Finally the new scheme pertaining to visas for foreign travellers gets underway in January, it was officially announced on Friday ending a near 18-month uncertainty over this new scheme.
The travel industry had earlier raised strong concerns over the scheme saying Sri Lanka needs to ‘get out of the woods’ and start marketing the country as a ‘new destination’ in the post-war period instead of bringing in new, cumbersome procedures which could turn away visitors. But the government has said the scheme was to just simplify the process although the real reason appeared to be to raise money for depleted government coffers and a way to screen visitors to the country.
The cash bonanza was emphasised, emphatically and enthusiastically by Immigration and Emmigration Director-General Chulananda Perera at a media briefing this week where he said revenues could go up in the ratio of 2.5 million visitors x $50 (per traveller) by 2016 which works out to more than $125 million annually – a sizable addition to state income.
According to the scheme, a processing fee would be applied to all travellers of $50 for short, 30-day stays while transit passengers are also required to apply for a visa and pay a $25 processing fee, a new rule.
Contrary to earlier reports that the ages-old, visa-on arrival scheme which applies to most western travellers/tourists (some 80 countries), would be discontinued with the visa on line scheme, both schemes will run parallel.
But questions abound about the new scheme though there is three months to sort out the confusion and for the trade to seek clarification before it becomes effective in January.
While industry officials say the trade would eventually settle down to the new scheme (or be compelled to), there is a growing view that it was an unwise move on the part of the government particularly at a time when tourism was taking off at the end of a bloody, near-30 year conflict.
“Oh! If they (government officials) had only listened …...,” lamented an industry veteran. “We pleaded that we be given a year’s time.”
Some of the issues raised vis-à-vis the new scheme is that Sri Lanka’s main competitors in the leisure sector – Singapore, Malaysia, Thailand or Vietnam – welcome visitors with on-arrival-visas and often at no charge, and the new move could slow growth or divert travellers to other destinations.
Most of Asia’s travel destinations offer attractive and competitive packages and a slight variation in costs could cost dearly to a travel agent, sending visitors packing to another location. Then there are the FITs (non group travellers), some of who decide on the spot to go on holiday, get on a plane and arrive at their destination which they may not be able to do anymore as far as Sri Lanka is concerned or they have to pay a higher fee - $75 which would add to their package.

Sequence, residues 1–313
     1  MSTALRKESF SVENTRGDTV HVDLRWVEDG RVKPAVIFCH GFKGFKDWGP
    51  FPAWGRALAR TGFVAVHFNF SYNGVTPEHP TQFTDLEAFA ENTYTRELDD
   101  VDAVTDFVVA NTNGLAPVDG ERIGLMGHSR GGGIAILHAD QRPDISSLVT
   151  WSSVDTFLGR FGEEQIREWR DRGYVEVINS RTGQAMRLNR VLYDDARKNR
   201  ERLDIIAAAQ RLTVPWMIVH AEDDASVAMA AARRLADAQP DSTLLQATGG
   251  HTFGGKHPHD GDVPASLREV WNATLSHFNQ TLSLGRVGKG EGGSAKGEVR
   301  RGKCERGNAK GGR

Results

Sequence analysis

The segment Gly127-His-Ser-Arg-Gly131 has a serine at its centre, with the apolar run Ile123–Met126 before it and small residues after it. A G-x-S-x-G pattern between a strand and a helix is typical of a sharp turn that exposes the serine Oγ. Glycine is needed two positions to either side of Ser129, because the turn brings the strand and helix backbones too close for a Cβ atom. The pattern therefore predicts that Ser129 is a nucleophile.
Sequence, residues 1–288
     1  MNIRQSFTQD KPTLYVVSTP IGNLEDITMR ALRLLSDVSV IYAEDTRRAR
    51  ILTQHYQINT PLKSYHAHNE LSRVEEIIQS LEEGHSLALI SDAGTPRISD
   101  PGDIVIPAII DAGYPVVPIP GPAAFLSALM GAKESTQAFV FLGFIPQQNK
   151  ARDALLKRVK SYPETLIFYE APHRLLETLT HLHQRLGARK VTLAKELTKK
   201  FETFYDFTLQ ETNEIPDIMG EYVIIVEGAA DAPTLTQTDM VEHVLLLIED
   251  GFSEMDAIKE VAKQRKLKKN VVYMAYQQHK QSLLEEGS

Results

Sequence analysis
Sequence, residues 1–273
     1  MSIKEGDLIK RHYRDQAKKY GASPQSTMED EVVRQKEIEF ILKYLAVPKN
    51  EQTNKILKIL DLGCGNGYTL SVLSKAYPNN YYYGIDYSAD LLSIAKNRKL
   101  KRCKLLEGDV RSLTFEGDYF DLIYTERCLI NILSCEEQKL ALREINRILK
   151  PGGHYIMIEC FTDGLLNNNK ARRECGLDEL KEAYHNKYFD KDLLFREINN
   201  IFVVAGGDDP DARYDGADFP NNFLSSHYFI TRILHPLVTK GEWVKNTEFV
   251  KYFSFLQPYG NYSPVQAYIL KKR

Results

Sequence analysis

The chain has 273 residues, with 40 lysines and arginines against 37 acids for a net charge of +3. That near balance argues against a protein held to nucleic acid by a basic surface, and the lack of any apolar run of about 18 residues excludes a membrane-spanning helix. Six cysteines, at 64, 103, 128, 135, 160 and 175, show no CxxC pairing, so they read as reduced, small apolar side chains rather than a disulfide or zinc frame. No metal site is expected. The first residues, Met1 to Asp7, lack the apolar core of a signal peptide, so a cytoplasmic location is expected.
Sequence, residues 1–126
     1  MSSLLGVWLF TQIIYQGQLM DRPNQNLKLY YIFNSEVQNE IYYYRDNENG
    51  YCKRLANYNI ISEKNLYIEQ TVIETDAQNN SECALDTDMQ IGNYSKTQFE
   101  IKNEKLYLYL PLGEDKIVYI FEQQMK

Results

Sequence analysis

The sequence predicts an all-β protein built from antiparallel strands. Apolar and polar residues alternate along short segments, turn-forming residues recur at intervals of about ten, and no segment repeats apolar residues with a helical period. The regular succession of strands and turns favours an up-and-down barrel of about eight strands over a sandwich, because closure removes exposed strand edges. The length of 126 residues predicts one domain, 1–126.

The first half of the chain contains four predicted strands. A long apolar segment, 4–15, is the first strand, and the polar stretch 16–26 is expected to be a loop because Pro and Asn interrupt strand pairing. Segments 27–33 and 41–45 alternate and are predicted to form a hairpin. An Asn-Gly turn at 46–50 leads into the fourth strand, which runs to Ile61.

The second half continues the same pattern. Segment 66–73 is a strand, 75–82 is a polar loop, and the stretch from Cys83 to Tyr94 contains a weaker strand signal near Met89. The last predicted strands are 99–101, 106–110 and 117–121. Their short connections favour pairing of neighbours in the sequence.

This year minimum hotel rates were increased across the board, in some cases doubling from last year which has resulted in some handsome service charges for hotel staff like Cinnamon Grand (Rs 30,000 across the board) for example but dismay to some sections because the cost of the packages are going up.
This week the eternal lament from the trade was that in addition to hotel rates, all other costs – transportation, hotels, food, visits to cultural sights, etc have all gone up. “If a family of five visits Sri Lanka, they would have to pay $250 i.e. online. But if they opt for the visa on arrival facility, then they pay a total $375.. that’s a huge spend,” said a travel agent, adding: “This kind of added costs can make or break a destination because in today’s world, cost matters.”
How SriLankan Airlines will respond to the tax on transit passengers remains to be seen. The national carrier has been making huge revenues from Indian passengers transiting through Colombo to the Middle East and vice-versa making use of attractive packages which sometimes includes a one-night stay.
Will that have an impact on the airline’s profitability at a time when it has cut losses and aims to show profits in two years?
India is Sri Lanka’s biggest tourism source market and any move to disturb these trends is inadvisable to say the least.
Indian corporate meetings being held here is also big business for Sri Lanka and a new promotional push is being planned in January in India by Sri Lankan authorities aimed at increasing the numbers.
Overall things are looking bright for Sri Lanka tourism with only the cost-fact being an issue, and now an added burden: visa fees and online visas.
Yet tourism has been the most resilient industry in Sri Lanka, surviving through the conflicts of 1983, 1987-89 and 2006-2009, and this is just another challenge in the crises it has faced over the years, and have – and will - overcome.